is 18 by 36 feet and housed a maximum of 19 men. Since space
was so cramped, every measure was taken to maximize it, such as
folding beds. This was where the men slept, ate their meals
and relaxed off duty.
Each man was issued with a bed, a
straw mattress, a blanket and sheets, and a barrack box.
While a soldier's uniform and accouterments would be placed about
his bunk, his personal possessions would have to be placed in the
box. A table and wood benches, wood stove and fuel box
completed the necessary issue. Inspections were made every
Although cleanliness was stressed,
the conditions in the barracks were poor.
Separate privies existed for the
sexes and for officers. The officers and women had toilet
seats. The men did not. Sanitation in the army was a
serious problem. In many barracks, sanitation was a bucket
placed at the back of a room as a toilet. These "urine
tubs" were primarily used at night and during wet weather.
These tubs were responsible for the oppressive smell encountered
when entering the barracks.
The cleaning of the men's privies
was usually done by "fatigue parties" — soldiers
undergoing punishment for crimes they had committed. It
involved washing and scrubbing of the seats and floors every
Cleaning of the women's privies
was not an assigned duty for soldiers' wives. The job was a
paying one and it was contracted out by the regiment. The
wives had the right of first refusal, whereupon a civilian would
Water to flush the privies was
collected from grates on the parade square. The water was
held behind a sluice gate that could be opened to flush the waste
through a two-foot square drainage tunnel into the bay.
As a rule barracks were poorly
lit, heated and ventilated. Fuel for the barrack stove was
in limited supply. In an effort to keep heat in and cold out,
ventilation drafts were blocked, affecting, in turn, the health of
the men. The urine tub added to the foul atmosphere.
These conditions resulted in
tuberculosis, respiratory ailments, fevers and other diseases
which hospitalized 37% of the ranks in 1860. Yet conditions
were better in Canada than overseas: there were 50% fewer died in
Canada than in Britain. The state of health in Canadian
regiments was described as "uncommonly good."
When soldiers became ill, they
could be sent to the hospital under the supervision of the fort's
medical officer. The average time in hospital for a sick
soldier was 17 days.
Although conditions in the
barracks accounted for a large percentage of sickness, the main
culprit for admissions into hospitals was venereal disease,
particularly syphilis and gonorrhea. It was thought to be
immoral of women to attend to patients so afflicted.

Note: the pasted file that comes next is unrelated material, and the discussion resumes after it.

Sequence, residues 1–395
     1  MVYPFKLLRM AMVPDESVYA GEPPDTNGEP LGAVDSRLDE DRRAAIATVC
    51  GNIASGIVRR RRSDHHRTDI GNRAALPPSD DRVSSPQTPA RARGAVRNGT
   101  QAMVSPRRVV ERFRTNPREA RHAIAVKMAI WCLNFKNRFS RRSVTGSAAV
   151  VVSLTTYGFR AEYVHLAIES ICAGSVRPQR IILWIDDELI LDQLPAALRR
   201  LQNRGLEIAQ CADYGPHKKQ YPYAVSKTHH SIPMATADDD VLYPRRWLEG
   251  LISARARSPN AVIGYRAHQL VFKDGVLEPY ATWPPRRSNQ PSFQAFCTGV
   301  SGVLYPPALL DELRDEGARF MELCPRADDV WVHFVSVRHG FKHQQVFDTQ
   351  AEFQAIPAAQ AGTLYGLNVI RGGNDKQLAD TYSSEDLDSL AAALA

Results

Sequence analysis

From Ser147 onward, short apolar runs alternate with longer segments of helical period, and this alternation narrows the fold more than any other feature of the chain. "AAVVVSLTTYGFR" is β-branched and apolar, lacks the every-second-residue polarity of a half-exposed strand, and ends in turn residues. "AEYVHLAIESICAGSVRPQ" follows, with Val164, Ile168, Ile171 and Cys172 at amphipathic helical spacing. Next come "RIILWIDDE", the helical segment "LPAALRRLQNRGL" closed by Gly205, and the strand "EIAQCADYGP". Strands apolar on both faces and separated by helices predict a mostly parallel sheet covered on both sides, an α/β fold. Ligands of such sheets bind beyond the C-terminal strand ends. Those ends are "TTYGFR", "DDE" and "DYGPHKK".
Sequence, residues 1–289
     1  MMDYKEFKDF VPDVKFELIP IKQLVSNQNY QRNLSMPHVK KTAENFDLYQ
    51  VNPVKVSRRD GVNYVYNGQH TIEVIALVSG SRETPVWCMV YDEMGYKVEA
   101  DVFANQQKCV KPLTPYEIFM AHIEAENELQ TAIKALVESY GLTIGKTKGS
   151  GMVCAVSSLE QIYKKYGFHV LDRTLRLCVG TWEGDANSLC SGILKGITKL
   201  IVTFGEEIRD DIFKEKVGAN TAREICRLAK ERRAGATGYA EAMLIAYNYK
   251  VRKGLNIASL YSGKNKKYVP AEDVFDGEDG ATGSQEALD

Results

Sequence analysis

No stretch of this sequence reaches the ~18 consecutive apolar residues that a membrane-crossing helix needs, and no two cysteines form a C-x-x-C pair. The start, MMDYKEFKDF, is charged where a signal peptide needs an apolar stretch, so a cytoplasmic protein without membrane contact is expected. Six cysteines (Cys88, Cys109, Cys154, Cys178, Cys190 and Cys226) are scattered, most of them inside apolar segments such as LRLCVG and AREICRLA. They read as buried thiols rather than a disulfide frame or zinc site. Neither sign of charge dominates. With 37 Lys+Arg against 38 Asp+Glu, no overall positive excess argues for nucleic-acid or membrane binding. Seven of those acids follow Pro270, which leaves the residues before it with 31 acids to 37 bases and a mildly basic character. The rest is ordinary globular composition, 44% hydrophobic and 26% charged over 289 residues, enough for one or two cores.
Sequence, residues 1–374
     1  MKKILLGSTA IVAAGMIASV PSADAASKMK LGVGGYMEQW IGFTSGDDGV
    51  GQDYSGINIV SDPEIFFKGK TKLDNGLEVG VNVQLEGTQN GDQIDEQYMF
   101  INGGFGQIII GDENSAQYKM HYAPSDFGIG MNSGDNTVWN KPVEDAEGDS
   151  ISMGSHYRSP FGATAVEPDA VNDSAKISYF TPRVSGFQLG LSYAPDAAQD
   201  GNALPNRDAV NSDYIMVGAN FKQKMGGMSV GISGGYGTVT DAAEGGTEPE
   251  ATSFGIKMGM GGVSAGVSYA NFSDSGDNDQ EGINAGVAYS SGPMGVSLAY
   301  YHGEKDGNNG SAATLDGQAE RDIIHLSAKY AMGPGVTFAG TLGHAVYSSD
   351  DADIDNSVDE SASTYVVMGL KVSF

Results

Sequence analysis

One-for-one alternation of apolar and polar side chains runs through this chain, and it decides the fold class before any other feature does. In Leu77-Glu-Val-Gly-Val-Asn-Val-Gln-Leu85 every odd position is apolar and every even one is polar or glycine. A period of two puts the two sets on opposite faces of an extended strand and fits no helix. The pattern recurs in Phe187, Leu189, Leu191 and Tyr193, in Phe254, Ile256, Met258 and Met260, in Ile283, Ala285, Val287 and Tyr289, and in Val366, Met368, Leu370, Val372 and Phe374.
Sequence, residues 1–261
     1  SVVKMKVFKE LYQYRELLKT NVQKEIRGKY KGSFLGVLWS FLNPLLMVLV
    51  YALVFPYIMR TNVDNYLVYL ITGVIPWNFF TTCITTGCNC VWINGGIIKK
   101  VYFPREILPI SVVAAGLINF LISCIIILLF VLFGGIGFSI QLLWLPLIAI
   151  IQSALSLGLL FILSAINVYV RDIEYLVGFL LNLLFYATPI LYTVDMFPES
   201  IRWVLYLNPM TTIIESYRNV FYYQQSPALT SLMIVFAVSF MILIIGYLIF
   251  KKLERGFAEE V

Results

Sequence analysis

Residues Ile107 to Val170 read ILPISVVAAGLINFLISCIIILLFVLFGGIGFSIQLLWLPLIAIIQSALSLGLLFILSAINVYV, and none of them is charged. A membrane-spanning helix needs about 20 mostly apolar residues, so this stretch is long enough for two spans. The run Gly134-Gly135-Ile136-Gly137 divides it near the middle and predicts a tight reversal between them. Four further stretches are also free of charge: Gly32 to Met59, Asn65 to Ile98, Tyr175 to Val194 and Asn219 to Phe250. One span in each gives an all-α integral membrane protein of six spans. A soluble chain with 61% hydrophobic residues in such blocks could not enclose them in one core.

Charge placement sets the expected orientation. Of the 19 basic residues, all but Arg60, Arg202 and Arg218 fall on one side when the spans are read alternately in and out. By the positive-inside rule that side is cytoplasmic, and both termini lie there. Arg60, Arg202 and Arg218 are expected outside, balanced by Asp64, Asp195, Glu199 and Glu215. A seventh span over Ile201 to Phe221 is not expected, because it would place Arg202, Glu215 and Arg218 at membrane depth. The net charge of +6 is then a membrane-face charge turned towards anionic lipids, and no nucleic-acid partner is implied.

Consequently female nurses and regimental wives were not allowed
to work in the regimental hospitals. The medical officer was
given a permanent staff of soldiers and non-commissioned officers
who were exempt from any other duties.
Everything being relative, many
soldiers considered themselves better looked after than if they
had not enlisted.
Apart from recommendations to make
accommodations more comfortable, medical officers identified
marriage as a cause of good health among the regular soldiers.
There appeared to be fewer cases of venereal diseases, and of
other health problems in regiments with a high ratio of married
men. Some doctors expressed hope that the army would do all
in its power to allow and encourage regular soldiers to marry.
These proposals for reform were
suggested not only because of their intrinsic value but also
because the army was facing a new chronic problem: recruiting.
If the lifestyle and health of the soldiers improved, perhaps many
more men would consider joining.
The Grog Issue
Drunkenness was such a problem
that pay was doled out daily to prevent the binges that occurred
when men were paid monthly. Alcohol was issued as a daily
ration because it was considered an absolute necessity, due to its
nutritional value and its importance among the men.
Officers, being by definition gentlemen, were allowed to keep
alcohol in their private quarters.
Common soldiers would have been
punished for keeping alcohol in their
quarters. Initially the "grog" issue was rum or
another strong spirit. Originally troops in North America
received spruce beer (boiled spruce, molasses and yeast) which was
tremendously effective in reducing scurvy. This was replaced by
"NECK OIL" or more commonly "THE PURGE."
Today we refer to it plainly as beer. It was the most common
reason for soldiers' crimes, because alcoholism was so rampant.
Soldiers formed "boozing
schools" where small groups of men clubbed
together for the sole purpose of heavy drinking. These men
their pay to embark on the type of binges that the army hoped to
avoid by implementing its daily pay policy. In essence,
drink was the only escape for men whose life was devoid of variety
or comfort. The harsh North American climate and isolation
of the garrisons compounded the problem. Of those court-martialled
between 1838 and 1840, 33% were found guilty of being drunk on
From time to time individuals
would try to do something about drunkenness. Temperance
clubs, such as "Havelock's Saints" or the Soldiers'
Total Abstinence Association, were formed in response to the
"boozing schools." Members who managed to stay
sober for six months wore a badge, similar to a regimental badge,
which bore the motto: "Watch and be sober." Some
members of "boozing schools" wore this badge proudly
once they had earned it, as it was generally regarded as proof of
near superhuman resolution and endurance.
On the whole, however, the army
continued to issue its troops with alcohol and the temperance
associations failed to create an army of teetotallers.
At British Forts there was little
else for a soldier to do in the evening, other than head into town
and drink. This drinking and poor diet made them more
susceptible to disease.